Ham Radio For Dummies
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Building your own ham radio gear — even just a simple speaker switch — is a great ham tradition. By putting equipment together yourself, you become familiar with the operation, repair, and maintenance of your existing equipment.

If you’re just getting started in electronics, start your building adventures with kits. Today, kits are available from many sources. For an up-to-date list of companies selling ham equipment kits, check out the list of vendors at ac6v.com. Non-ham vendors such as Adafruit and Sparkfun have many useful kits, accessories, tools, and parts.

Choose simple kits until you’re confident about your technique. Kits are great budget-saving ways to add test instruments to your workbench and various gadgets to your radio station. Also, you don’t have to do the metalwork, and the finished result looks great.

After you build a few kits, you’ll be ready to move up to building a complete radio. Although the Elecraft K3 is the top-of-the-line radio kit available today, numerous smaller QRP radio kits are available from other vendors.

You can build most kits by using just the maintenance tools you keep on hand for your ham radio. Concentrate on advancing your soldering skills. Strive to make the completed kit look like a master built it, and take pride in the quality of your work. Read the manual and use the schematic to understand how the kit works. Observe how the kit is put together mechanically, particularly the front-panel displays and controls.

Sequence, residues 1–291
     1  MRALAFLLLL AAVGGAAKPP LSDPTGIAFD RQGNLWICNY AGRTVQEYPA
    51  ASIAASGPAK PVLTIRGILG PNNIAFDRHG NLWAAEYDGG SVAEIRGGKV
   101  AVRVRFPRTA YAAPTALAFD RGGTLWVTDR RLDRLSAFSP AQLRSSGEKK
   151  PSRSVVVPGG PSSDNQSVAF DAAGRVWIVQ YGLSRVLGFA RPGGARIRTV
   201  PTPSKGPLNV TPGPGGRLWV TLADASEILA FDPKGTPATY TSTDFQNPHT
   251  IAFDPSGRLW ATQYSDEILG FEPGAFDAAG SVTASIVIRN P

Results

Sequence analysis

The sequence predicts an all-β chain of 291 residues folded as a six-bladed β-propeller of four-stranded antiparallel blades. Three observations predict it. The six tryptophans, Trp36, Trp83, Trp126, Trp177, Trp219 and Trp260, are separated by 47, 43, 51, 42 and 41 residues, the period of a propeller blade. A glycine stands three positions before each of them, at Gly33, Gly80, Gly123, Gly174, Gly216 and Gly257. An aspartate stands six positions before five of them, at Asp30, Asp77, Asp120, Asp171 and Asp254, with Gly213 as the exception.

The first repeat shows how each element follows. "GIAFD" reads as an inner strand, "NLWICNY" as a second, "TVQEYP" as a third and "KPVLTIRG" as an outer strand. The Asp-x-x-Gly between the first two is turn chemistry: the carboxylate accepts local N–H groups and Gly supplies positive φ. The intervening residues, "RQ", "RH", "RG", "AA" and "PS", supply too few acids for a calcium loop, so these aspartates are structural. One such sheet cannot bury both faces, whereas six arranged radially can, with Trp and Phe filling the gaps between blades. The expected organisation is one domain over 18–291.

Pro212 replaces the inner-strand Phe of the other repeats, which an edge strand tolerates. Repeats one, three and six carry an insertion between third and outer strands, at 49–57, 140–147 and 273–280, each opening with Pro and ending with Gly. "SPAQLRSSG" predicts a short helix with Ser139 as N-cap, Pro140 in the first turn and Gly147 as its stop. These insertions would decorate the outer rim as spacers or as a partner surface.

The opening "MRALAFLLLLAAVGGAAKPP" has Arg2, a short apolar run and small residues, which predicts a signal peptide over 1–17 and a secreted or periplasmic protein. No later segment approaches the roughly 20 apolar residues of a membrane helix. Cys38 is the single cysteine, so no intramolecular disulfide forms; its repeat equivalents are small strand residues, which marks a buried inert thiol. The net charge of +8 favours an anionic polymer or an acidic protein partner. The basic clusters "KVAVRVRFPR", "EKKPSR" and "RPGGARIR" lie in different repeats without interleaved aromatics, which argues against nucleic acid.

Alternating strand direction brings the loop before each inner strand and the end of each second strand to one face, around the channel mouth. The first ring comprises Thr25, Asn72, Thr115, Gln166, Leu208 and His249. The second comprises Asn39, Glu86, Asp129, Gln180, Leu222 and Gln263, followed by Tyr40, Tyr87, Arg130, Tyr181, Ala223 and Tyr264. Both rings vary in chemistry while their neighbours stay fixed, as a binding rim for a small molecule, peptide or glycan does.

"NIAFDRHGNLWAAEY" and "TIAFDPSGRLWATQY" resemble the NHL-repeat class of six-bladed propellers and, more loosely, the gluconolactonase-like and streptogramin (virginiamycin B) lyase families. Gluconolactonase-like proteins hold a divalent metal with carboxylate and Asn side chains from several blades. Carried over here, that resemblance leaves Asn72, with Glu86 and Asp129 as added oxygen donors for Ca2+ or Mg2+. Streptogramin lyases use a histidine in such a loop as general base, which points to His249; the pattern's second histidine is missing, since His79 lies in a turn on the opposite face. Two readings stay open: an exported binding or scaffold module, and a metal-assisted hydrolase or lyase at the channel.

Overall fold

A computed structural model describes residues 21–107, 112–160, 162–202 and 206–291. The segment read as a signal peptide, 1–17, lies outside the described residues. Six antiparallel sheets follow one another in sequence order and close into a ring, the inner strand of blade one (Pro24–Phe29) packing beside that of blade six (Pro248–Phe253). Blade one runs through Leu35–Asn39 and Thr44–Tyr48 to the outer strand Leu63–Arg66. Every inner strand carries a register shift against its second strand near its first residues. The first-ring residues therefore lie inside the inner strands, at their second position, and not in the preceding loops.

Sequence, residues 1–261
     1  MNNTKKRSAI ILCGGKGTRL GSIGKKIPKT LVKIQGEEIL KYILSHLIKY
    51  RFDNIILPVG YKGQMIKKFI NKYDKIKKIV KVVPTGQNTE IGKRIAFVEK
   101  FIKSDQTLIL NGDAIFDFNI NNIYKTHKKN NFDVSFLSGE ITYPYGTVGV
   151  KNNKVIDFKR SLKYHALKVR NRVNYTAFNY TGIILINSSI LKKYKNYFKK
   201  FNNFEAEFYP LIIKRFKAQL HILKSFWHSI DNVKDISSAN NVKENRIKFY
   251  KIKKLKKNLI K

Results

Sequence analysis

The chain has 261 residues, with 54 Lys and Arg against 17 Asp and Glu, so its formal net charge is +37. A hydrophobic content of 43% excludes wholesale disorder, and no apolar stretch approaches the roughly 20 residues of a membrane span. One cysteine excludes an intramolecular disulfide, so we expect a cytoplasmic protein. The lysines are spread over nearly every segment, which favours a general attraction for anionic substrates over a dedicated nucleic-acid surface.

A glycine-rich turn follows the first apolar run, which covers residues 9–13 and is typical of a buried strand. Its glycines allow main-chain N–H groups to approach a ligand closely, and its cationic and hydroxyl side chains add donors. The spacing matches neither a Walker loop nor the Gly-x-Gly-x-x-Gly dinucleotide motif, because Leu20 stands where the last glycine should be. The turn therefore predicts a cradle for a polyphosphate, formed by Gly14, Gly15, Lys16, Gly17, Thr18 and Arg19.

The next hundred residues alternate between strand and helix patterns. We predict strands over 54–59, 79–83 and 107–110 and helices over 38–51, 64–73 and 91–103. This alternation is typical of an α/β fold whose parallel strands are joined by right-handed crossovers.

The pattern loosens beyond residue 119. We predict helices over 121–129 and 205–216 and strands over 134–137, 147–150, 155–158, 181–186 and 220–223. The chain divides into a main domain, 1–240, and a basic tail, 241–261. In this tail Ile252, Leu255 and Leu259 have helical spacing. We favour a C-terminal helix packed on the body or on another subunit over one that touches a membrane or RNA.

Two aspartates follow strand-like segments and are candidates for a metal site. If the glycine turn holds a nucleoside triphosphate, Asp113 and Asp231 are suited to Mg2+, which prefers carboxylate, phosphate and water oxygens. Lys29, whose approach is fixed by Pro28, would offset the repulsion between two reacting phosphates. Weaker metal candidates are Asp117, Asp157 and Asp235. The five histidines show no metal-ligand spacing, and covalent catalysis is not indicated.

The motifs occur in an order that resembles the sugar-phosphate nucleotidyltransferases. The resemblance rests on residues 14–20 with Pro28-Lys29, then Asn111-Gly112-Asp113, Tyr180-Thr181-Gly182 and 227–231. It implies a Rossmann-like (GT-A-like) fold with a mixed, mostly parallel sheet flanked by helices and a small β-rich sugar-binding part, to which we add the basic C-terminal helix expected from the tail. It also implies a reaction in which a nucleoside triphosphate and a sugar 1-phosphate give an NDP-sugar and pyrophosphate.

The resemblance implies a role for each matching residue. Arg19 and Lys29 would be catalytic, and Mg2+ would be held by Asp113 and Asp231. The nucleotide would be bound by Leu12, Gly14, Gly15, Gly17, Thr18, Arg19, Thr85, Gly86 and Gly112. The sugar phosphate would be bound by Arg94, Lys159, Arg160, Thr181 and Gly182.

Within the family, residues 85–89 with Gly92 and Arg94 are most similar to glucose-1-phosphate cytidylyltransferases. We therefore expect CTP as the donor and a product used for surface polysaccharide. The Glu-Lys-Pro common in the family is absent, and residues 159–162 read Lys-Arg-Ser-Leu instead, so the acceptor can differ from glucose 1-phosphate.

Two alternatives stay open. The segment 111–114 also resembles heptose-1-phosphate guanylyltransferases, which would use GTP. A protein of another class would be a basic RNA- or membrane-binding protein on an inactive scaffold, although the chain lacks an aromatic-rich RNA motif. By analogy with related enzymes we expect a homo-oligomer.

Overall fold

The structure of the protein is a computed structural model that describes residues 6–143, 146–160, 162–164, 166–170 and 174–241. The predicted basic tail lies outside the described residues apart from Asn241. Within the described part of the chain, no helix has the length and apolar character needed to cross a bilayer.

You may also like to try the kitlike projects at Instructables and Makezine. They are a good halfway point between kits and from-scratch projects.

About This Article

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H. Ward Silver has experienced a 20-year career as an electrical engineer developing instrumentation and medical electronics. He also spent 8 years in broadcasting, both programming and engineering. In 2000, he turned to teaching and writing as a second career, producing Ham Radios For Dummies in 2004. He supports Seattle University’s Electrical and Computer Engineering Department in laboratory instruction. He is an avid Amateur Radio operator, Extra Class, first licensed in 1972. Each month, his columns and articles can be found in the national ham radio magazine, QST, published by the American Radio Relay League (ARRL). He is the author of the ARRL’s online courses in Antenna Design and Construction, Analog Electronics, and Digital Electronics. When not in front of a computer screen, you will find him working on his mandolin technique and compositions.

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